Blog Post

Affordable Compliance Programs for Physician Practices

Richard P. Kusserow | December 2019

Use Designated Compliance Officers to build and manage compliance programs

The use of Designated Compliance Officers (DCO) has been recognized as an alternative by the Department of Health and Human Services (HHS) Office of Inspector General (OIG). The OIG notes in their Compliance Program Guidance that, “for those that have limited resources, the compliance function could be outsourced to an expert in compliance.”  As such, an outside expert can be a part time but permanent alternative to a W-2 employee compliance officer. Organizations may consider many reasons for using a DCO, instead of a full time W-2 employee, to build and manage corporate and HIPAA compliance, including the following:

  • Experts can build and manage the programs more efficiently;
  • Using a DCO avoids adding staff overhead with benefits;
  • DCOs can manage data breaches and other compliance events effectively;
  • DCOs are able to keep current with regulatory changes;
  • The compliance function can be performed primarily offsite;
  • Using a DCO ensures that a proven expert is managing compliance needs; and
  • DCOs are less costly than a full-time employee.

The contract should define not only the work of managing the compliance program but offering added value by providing the following:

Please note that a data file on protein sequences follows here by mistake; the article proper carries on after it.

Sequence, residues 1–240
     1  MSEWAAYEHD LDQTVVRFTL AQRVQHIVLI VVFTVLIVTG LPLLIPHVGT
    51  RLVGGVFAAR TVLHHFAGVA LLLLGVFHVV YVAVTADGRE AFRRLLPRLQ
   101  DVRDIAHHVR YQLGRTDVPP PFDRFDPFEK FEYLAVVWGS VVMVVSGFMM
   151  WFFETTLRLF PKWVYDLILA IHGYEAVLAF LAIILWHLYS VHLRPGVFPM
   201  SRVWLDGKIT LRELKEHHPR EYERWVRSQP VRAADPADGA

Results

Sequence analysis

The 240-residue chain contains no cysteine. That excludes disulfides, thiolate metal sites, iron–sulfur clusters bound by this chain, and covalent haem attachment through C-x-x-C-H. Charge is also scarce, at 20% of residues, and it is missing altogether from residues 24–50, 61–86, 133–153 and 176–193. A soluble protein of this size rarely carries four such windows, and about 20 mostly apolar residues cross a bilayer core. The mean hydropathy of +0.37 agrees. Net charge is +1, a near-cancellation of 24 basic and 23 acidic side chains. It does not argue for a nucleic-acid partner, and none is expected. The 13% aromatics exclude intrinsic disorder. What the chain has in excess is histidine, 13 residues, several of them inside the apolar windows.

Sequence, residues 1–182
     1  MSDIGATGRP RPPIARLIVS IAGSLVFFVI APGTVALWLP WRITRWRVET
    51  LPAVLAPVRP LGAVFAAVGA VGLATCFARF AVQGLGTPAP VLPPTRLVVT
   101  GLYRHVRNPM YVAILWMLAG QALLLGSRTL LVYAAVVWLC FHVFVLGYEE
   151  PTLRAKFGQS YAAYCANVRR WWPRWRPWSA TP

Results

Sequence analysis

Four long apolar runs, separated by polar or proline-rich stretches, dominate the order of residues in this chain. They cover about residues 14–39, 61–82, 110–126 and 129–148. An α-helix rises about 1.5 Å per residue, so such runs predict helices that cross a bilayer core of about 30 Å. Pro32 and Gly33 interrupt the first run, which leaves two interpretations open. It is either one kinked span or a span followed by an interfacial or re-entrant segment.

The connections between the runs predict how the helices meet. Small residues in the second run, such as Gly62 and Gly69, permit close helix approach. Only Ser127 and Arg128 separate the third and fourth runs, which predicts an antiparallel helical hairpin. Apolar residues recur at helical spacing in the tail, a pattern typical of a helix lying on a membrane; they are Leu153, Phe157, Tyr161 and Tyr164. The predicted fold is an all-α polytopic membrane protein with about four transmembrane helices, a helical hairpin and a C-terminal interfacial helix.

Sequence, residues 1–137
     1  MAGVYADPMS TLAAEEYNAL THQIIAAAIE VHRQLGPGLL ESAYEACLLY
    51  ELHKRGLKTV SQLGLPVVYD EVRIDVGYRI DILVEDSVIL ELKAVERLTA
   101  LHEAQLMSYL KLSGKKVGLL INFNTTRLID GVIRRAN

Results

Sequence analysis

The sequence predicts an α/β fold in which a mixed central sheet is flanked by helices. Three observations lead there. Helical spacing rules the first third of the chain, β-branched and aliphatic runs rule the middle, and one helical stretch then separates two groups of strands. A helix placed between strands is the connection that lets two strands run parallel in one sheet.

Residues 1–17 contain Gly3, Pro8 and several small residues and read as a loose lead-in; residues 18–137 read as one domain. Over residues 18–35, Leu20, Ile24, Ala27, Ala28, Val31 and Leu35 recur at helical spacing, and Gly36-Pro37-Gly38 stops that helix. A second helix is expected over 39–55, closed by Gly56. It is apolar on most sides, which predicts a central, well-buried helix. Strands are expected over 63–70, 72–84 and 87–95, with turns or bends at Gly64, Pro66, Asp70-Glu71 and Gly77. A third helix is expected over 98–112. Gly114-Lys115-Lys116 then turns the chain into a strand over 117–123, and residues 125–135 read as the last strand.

• Establishing/updating the Code of Conduct, compliance program-related policies, charters, forms, etc.;
  • Keeping the practice up to date on regulatory changes;
  • Handling data breaches or other compliance events efficiently;
  • Providing experience and knowledge in working with a variety of practices;
  • Serving as an authority in building confidence in enhancing the compliance program and culture;
  • Providing experience and detailed knowledge of federal and state laws and regulations; and
  • Establishing metrics to evidence compliance program effectiveness.

Kashish Parikh-Chopra, JD, CHC, CHPC, has assisted many organizations with finding individuals to act as a DCO, noting that the OIG recognizes that keeping up with the wide range of compliance responsibilities can be a serious problem for smaller organizations that may not be able to afford a full-time compliance officer. The OIG notes that an outsourced party can provide services on a part-time basis. Using experts with a proven record can potentially lower fixed costs, reduce staff loads, and avoid having to use someone who is less qualified. It also reduces costs of recruiting and providing full-time compliance staff and benefits. Using an outside expert part time can accomplish more than a lesser experienced full-time employee. Ms. Parikh-Chopra notes that it is extremely important to confirm that the DCO is properly qualified with multiple levels of experience that the practice can draw upon. Serving as a compliance officer in another organization, where it may or may not have been a model program, is not sufficient.  She also advises comparing the cost of hiring a full-time compliance officer against that of a part-time expert acting as the DCO.

For more information on this subject, Kashish Parikh-Chopra can be reached at or via telephone at (703) 535-1413.

About the Author

Richard P. Kusserow established Strategic Management Services, LLC, after retiring from being the DHHS Inspector General, and has assisted over 2,000 health care organizations and entities in developing, implementing and assessing compliance programs.

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